The industrialization strategy is geared towards promoting entrepreneurship, which will also help to generate employment.
Crude oil accounts for a large portion of Libya’s revenue. Their GDP per capita stands at $10129 and the overall GDP is $66, 941, 000, 000
Real GDP growth was -8.1% in 2016, against -10.1% the previous year, due to a slight improvement in oil production, and is expected to recover to -4.9% in 2017 following exemption from OPEC’s supply cap, the recapture of eastern ports and reopening of oil pipelines.
A persistent struggle for power has prevented the rival governments from converging towards common ground.
Political instability, humanitarian crisis and security issues continue to hinder efforts to re-establish control over the economy and most national strategies, including those related to industrialisation and entrepreneurship, have remained on hold.
The gross domestic value of Tunisia is over $100 billion dollars.
Real GDP growth rate of 1.0% was lower than the 2.6% predicted in the 2016 budget but is projected to increase with accelerated implementation of the 2016-20 strategic development (PSD)
The new administration elected on 31 August 2016 called for reforms to be intensified.
Tunisia raised TND 34 billion (Tunisian dinars) in pledged public and private funding at an international conference on the investment held in late November to promote the creation of more wealth and jobs.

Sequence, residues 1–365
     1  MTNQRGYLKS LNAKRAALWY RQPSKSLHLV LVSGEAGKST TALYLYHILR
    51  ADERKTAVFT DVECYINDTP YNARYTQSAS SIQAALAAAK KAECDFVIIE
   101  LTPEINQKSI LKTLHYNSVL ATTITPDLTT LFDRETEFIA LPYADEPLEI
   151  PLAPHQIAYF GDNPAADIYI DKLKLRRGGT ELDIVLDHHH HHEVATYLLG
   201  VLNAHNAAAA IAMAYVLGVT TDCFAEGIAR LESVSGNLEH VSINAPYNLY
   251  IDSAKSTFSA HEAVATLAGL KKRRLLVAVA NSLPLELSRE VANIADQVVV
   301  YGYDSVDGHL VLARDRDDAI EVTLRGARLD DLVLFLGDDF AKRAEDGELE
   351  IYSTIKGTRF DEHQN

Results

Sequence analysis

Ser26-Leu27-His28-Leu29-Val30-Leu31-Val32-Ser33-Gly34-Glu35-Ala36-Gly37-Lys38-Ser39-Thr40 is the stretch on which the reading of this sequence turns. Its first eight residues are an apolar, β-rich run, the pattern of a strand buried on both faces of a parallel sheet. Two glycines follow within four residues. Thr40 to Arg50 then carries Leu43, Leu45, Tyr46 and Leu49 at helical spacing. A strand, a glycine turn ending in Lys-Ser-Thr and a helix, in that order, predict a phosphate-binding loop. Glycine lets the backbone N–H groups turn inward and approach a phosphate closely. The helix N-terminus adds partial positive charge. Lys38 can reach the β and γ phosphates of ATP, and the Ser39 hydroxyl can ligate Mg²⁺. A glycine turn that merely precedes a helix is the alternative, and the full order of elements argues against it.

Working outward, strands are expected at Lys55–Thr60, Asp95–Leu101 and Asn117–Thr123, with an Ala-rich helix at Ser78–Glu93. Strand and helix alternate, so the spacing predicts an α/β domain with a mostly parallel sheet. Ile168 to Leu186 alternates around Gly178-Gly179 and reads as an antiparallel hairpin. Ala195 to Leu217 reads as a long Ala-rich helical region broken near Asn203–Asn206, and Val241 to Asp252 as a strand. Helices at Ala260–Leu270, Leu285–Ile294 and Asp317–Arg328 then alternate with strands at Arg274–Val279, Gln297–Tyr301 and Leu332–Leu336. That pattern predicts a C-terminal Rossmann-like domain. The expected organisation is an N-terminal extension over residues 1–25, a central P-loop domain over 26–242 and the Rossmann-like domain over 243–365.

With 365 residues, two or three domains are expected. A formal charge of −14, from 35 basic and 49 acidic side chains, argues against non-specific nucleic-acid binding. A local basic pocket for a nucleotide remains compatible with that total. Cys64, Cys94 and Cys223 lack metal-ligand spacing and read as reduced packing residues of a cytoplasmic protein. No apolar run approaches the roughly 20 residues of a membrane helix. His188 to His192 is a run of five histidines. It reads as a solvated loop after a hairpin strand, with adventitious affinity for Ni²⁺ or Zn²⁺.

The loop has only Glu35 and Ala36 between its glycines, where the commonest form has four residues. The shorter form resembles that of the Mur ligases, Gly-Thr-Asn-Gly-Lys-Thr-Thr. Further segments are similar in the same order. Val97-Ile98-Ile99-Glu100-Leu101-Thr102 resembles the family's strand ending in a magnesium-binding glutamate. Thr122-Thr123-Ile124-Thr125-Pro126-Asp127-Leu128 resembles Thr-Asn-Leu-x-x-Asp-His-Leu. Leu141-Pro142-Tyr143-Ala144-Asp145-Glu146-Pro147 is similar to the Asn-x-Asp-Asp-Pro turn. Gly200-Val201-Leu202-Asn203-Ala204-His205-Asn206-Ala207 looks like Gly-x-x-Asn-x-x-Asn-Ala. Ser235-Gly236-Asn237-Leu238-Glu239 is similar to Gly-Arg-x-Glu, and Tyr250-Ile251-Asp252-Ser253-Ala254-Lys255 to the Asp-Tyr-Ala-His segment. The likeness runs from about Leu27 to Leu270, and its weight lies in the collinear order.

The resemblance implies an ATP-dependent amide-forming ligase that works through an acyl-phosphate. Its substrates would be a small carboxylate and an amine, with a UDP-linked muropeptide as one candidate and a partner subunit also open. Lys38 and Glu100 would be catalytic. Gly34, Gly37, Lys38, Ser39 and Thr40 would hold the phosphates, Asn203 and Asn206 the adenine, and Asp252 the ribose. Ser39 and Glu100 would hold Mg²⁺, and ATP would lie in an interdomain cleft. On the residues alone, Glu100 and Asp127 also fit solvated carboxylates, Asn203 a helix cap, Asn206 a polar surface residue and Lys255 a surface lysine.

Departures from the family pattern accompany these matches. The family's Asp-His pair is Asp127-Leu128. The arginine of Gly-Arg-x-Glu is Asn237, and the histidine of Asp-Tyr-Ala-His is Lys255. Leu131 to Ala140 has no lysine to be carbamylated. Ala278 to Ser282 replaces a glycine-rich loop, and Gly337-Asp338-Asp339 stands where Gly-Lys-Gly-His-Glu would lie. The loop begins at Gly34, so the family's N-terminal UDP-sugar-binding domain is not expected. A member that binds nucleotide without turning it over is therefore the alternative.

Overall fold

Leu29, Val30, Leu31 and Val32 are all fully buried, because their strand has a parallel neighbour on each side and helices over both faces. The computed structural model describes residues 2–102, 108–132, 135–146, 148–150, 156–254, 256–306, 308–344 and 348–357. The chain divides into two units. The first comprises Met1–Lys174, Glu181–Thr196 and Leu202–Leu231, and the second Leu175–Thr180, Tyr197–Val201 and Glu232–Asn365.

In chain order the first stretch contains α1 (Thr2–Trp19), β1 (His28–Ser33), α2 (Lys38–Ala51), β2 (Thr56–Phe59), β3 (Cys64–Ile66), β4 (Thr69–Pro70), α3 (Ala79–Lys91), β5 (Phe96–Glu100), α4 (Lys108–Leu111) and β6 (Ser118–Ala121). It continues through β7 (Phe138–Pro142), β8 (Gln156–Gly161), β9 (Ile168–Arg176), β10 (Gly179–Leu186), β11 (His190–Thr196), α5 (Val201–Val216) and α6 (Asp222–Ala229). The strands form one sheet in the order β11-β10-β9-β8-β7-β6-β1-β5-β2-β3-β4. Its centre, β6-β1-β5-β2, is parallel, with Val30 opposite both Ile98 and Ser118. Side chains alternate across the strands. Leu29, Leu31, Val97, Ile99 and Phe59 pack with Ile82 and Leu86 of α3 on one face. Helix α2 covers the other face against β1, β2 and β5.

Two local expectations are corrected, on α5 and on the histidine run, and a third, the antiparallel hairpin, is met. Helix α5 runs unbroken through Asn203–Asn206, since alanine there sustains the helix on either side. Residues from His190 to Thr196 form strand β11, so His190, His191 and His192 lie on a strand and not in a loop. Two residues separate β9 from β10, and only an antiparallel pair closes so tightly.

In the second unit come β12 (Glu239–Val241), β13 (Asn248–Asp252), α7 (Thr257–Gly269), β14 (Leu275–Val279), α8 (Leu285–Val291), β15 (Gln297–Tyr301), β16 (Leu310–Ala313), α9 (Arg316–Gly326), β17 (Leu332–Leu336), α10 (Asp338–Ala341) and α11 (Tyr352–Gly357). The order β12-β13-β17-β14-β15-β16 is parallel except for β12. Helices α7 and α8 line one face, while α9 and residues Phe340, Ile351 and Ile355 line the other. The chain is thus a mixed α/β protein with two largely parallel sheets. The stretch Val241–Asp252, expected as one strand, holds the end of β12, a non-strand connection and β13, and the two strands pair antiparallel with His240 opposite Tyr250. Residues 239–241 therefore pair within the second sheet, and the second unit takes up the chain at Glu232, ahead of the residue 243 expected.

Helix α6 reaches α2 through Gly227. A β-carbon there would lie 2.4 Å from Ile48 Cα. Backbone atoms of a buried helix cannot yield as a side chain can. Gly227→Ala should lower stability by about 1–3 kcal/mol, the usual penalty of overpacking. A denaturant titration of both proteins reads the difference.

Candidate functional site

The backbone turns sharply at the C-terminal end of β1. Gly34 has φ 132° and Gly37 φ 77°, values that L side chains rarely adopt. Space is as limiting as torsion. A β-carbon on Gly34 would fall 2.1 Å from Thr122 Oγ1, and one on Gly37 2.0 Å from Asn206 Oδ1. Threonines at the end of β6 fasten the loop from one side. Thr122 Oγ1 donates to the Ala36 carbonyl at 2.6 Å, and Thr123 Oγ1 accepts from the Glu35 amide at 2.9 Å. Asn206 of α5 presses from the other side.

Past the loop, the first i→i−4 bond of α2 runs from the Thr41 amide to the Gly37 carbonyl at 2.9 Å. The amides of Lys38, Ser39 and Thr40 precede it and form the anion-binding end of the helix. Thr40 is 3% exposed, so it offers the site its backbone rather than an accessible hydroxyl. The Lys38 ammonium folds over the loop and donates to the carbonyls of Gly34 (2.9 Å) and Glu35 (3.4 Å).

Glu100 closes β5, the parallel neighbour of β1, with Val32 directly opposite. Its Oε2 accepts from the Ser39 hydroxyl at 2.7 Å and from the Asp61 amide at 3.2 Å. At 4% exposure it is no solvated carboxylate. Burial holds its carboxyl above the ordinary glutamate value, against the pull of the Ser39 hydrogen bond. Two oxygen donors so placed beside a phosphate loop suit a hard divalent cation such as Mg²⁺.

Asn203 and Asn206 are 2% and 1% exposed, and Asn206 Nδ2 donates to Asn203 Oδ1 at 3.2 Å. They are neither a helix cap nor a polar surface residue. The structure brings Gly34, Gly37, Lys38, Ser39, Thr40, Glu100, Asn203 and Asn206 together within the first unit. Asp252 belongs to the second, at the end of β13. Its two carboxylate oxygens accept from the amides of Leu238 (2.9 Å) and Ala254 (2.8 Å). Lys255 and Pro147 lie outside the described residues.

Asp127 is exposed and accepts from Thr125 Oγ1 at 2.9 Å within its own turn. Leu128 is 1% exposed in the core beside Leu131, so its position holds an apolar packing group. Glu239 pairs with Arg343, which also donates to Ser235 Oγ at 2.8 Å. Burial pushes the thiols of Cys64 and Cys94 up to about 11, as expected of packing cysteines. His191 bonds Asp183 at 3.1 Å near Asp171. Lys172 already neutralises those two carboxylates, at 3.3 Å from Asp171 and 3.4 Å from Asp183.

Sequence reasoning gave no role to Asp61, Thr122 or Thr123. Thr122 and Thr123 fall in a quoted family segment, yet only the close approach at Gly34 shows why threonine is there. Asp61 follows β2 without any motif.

This is another Northern Africa country that ranks among the top richest with a GDP per capita of $8715.
In 2016, real GDP grew by 3.5% down from 3.8% recorded the previous year on account of lower oil price.
In July 2016, the government adopted a new economic growth plan (2016-30) focusing on the private sector and a three-year budget stabilization strategy.
The non-oil and gas industry accounted for no more than 5% of GDP in 2016, compared with 35% at the end of the 1980s, so the authorities are looking towards a re-industrialization of the country.
Namibia is another country on the list with a GDP per capita $6826.
Growth sharply moderated to 1.3% in 2016 but should be rebound in 2017 as the agriculture sector recovers and production from new mines accelerates.
On-going fiscal consolidation policy measures to reduce public debt and help address the current account imbalance will need to protect growth-promoting public investments.
The “Growth at Home” strategy for industrialization and the policy for promoting micro, small and medium enterprises provide a strong foundation for diversification and job creation but the pace for business environment reforms needs increasing to support entrepreneurship.
With a gross domestic of over $500 billion, Egypt is one of the richest countries in Africa Although recent crises in Egypt has affected the economy of the country, their GDP per capita still stands at $6324.
The economic outlook for 2017 remains cautiously optimistic largely based on the government’s ability to maintain the policy and structural reform agenda as well as successfully implement the sustainable development strategy.
Assuming economic policy and structural reform implementation, growth is expected to accelerate as confidence returns and investment increases, although some domestic issues and global economic headwinds will remain challenges.
Overall, Egypt can reverse the major and long-standing trend of low and non-inclusive growth along with weak employment prospects on the basis of the potential of the industrial and entrepreneurial sectors.